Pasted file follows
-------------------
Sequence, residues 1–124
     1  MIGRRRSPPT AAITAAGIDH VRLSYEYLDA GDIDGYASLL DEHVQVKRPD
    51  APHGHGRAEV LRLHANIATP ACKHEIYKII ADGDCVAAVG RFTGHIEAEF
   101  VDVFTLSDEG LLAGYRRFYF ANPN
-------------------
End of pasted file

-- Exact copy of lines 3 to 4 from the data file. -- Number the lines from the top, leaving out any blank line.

    51  APHGHGRAEV LRLHANIATP ACKHEIYKII ADGDCVAAVG RFTGHIEAEF
   101  VDVFTLSDEG LLAGYRRFYF ANPN